On 16 March, Thomas Pringle, an independent TD representing the Donegal constituency, entered isolation due to previous contact with someone in Dublin and the high risk to his own personal health.[194][195] After returning home earlier than anticipated from his visit to the United States, the Taoiseach addressed the nation on Saint Patrick's Night during A Ministerial Broadcast by An Taoiseach Leo Varadkar, TD, introducing television viewers to the concept of "cocooning", i.e. "At a certain point… we will advise the elderly and people who have a long-term illness to stay at home for several weeks".[196][197][198] The speech, which Varadkar made under Section 112 of the Broadcast Act, was the most watched television event in Irish history, surpassing the previous record held by The Late Late Toy Show by an additional total of about 25% and was widely distributed globally.[199][200] It was also plagiarised by Peter Bellew, the chief operating officer at British low-cost airline group EasyJet.[201]

On 18 March, Luke 'Ming' Flanagan, the independent MEP representing the Midlands–North-West constituency, announced that he and his family would begin self-isolating after his daughter exhibited symptoms of COVID-19.[202]

On 19 March, Dáil Éireann reconvened under social distancing measures to pass emergency legislation. At the written request of Ceann Comhairle Seán Ó Fearghaíl, the sitting was limited to 48 TDs (11 each representing Fianna Fáil, Fine Gael and Sinn Féin, four Greens, three members of the Regional Group and two members of all other parties and groups). The legislation – Health (Preservation and Protection and other Emergency Measures in the Public Interest) Bill 2020 – passed all stages, and, following requests by opposition TDs, included a sunset provision for review in November.[203] During the sitting, Eamon Ryan called on the Irish to grow lettuce on their window sills: "Let's get every south facing window sill in this country and lets plant our seeds in the next week so that if there is any supply crisis in food in two or three months time when this really hits hard, we'll have our salads ready to go".[204]

On 19 March, it was reported that Minister for Housing, Planning and Local Government Eoghan Murphy had been in self-isolation for the past week after returning from a visit abroad to see family. Murphy had set off before travel advice against doing so was issued and – while he had "not been in direct physical contact with any colleagues" – he, nevertheless, was well enough to continue his work remotely.[205]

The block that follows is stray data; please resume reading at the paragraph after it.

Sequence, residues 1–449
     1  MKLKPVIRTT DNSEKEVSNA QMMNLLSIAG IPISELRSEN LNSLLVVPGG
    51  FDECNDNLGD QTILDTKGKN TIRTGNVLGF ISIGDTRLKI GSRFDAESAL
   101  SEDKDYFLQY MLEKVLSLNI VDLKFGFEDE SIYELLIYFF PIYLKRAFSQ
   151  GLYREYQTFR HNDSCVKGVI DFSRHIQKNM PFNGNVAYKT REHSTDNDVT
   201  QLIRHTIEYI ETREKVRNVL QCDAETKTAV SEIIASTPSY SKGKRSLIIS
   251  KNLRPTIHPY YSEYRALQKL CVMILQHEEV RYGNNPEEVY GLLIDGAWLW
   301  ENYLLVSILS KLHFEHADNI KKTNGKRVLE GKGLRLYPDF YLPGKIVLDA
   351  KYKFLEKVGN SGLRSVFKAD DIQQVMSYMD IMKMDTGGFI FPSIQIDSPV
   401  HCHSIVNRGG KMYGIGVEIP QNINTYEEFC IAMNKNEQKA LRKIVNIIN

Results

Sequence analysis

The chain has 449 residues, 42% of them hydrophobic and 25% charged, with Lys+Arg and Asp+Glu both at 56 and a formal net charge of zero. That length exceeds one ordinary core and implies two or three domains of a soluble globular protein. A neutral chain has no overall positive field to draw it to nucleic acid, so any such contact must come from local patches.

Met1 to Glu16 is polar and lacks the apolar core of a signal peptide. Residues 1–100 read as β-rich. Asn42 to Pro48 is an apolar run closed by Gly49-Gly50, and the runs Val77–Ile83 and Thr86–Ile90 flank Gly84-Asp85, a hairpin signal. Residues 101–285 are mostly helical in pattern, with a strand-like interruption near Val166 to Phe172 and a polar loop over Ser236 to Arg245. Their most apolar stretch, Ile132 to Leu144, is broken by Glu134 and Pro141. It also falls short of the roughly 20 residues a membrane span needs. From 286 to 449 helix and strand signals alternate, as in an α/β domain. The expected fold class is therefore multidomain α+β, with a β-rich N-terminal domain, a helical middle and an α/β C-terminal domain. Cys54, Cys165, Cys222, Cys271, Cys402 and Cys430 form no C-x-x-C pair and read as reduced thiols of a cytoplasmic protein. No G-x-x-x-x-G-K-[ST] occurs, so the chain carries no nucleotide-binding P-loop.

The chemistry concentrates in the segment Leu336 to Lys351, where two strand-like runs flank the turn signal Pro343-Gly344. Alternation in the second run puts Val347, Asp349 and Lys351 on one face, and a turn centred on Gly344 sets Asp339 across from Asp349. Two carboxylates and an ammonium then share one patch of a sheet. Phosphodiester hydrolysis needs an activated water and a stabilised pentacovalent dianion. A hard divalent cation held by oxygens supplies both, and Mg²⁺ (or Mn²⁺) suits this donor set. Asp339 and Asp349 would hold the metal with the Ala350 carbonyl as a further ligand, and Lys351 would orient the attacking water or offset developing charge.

On 20 March, Seanad Éireann – also sitting in reduced numbers – passed the legislation after a three-hour debate.[206] President Higgins wrote the legislation into law later that day, giving the state the power to detain people, restrict travel and keep people in their homes in order to restrict the pandemic.[13]

On 23 March, Tánaiste Simon Coveney revealed he had tested negative for COVID-19. He underwent the test after being contact traced via the positive result of Claire Byrne, whom he had sat beside on live television less than two weeks previously.[207] It was believed that Coveney was the first member of the Varadkar cabinet to be tested for the virus.[208]

On 24 March, Taoiseach Leo Varadkar announced from Government Buildings the extension of all existing measures until 19 April – as well as stricter measures, among which were: the limiting of social gatherings to four people (unless members of the same household); the shutting of all non-essential retail outlets still open – effective from midnight – bringing an official end to hairdressing, theatres, gyms, leisure centres, betting offices, marts and other market places, casinos and bingo halls, playgrounds, holiday caravan parks, organised indoor and outdoor social events of any kind, including all sport (some of which, such as horse racing, was then still being held behind closed doors); the limitation of cafes and restaurants to takeaway and delivery services. Varadkar stopped short of calling it a "lockdown", the term used in other countries.[209][210][211][212][213]

At its next sitting – on 26 March – the Dáil passed further emergency legislation introduced due to the virus, again with deliberately limited numbers attending, and without a vote.[214] President of Sinn Féin Mary Lou McDonald was absent after announcing on Twitter that she had awoken with a "head cold" and that Pearse Doherty would lead the party instead.[215][216]

On the evening of Friday 27 March, Taoiseach Leo Varadkar gave a live televised speech to the nation during which he announced further restrictions on public activity.[217][218] He said that all people must stay at home until 12 April (Easter Sunday) from the following midnight[219] with the following exemptions: to travel to and from work (essential work only);[219] shopping for food or household goods;[219] to attend medical appointments or collect medicines or related products;[219] for vital family reasons, such as caring for a relative;[219] to take brief exercise within 2 km of home;[219]; for farming purposes, such as food production or care of animals.[219] All public or private gatherings of any number of people outside a residence were prohibited.[219] More non-essential shops and serviceswere shut, adult community education centres and local community centres were shut.[219] All non-essential surgery, health procedures and other non-essential health services was postponed.[219] All visits to hospitals, other residential healthcare facilities and prisons would cease, with specific exemptions on compassionate grounds.[219] Shielding, or cocooning, of those over 70 years of age, or who are in specific categories of vulnerable people, was introduced.[219] Minister for Transport Shane Ross confirmed that, following Varadkar's announcement of 28 March, driving tests and NCTs would be suspended, stating that it was "critical that we give drivers as well as operators of commercial vehicles peace of mind in relation to the status of their licence, learner permit, NCT certificate or certificate of roadworthiness, especially if it has expired or is likely to expire during the period of the COVID-19 health crisis".[220]